To effectively set up a takeoff, the cyclic running pattern and heel recovery will be broken on the last two steps of the approach. The penultimate (next to last) step is a full foot contact with a rocking action. This is the longest step of the entire approach. Foot contact will still be underneath the body like the previous steps. The recovery of the heel will be over the ankle or mid calf only. Attempting to run over this step while the foot is still on the ground is a great cue. The takeoff step will be similar to the penultimate in ground contact (full foot, rocking action) and stepping over the ankle instead of heel to butt, but it will be shorter in length. Ground contact will be a little in front of the body. Again continuing to move the body past the takeoff foot while it is on the ground is a good cue. Try to have the athlete anticipate the takeoff steps so they have their ankle and thigh braced and prepared.
Skipping of all varieties
In particular, power skips and single leg skips where left or right foot takeoffs are emphasized.
An athlete runs at anywhere from 50-75% effort, exaggerating the heel to butt running action for 3-5 steps followed immediately by the penultimate and take off step action with a “pop up” then running out of the pop up immediately into another 3-5 step running action and takeoff sequence. These can be done with small obstacles or overhead targets like basketball nets at the same or different distances apart to help teach “steering” during the approach.
Approaches with a “pop up”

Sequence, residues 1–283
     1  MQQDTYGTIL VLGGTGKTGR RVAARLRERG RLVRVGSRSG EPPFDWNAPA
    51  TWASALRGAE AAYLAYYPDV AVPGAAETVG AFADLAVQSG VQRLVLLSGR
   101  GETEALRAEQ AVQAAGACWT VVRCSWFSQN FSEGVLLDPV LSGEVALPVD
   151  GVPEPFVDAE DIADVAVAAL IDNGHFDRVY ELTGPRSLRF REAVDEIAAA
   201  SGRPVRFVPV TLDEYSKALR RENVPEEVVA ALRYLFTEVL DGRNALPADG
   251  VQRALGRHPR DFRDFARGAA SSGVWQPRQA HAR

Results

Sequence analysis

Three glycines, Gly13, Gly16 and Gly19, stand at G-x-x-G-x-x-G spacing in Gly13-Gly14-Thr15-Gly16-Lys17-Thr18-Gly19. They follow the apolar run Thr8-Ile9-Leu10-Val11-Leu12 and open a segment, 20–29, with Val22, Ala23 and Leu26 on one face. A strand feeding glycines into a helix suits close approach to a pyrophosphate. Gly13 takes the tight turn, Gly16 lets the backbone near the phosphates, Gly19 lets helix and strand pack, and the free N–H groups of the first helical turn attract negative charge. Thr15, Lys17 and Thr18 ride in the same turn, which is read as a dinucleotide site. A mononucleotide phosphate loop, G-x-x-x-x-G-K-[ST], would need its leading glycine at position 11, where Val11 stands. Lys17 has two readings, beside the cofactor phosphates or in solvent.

These can be short or full approach runs and the athlete should be instructed to continue to run through the pit after “popping up”.
Often this or technique in the air is the technical focal point for coaches and athletes. Controlling or limiting forward rotation is the goal of all in the air action. Much of the jump distance is already determined by the approach and takeoff actions. There are some drills listed below which address these areas.
Standing Long Jump Series
1. Begin with a standard SLJ with an upright landing
2. SLJ with a squat landing
3. SLJ with a kicking leg action and rolling of buttocks to where the feet touch down
4. Walk in version of these exercises with a single leg takeoff
a. Knee Landing – Athlete will approach the pit like in Continuous takeoff drill above, but upon takeoff will land in the pit on the takeoff knee and the swing leg foot (lunge position). Gradually get the athlete to move further away and run in faster. Vertical emphasis.
b. Short Approach Jumps – Progress from slow to fast, learning to bring the takeoff leg forward and extended so that both feet are together and the athlete learns how to get their buttocks to where their feet landed.
What foot does the athlete takeoff with?
Generally, this is the preferred leg for doing a lay up in basketball, the foot they would generally put forward to start with and the opposite of their handedness (right handed = left foot takeoff). There are exceptions to the rule…, so try both feet if you’re unsure.
How long should the approach be?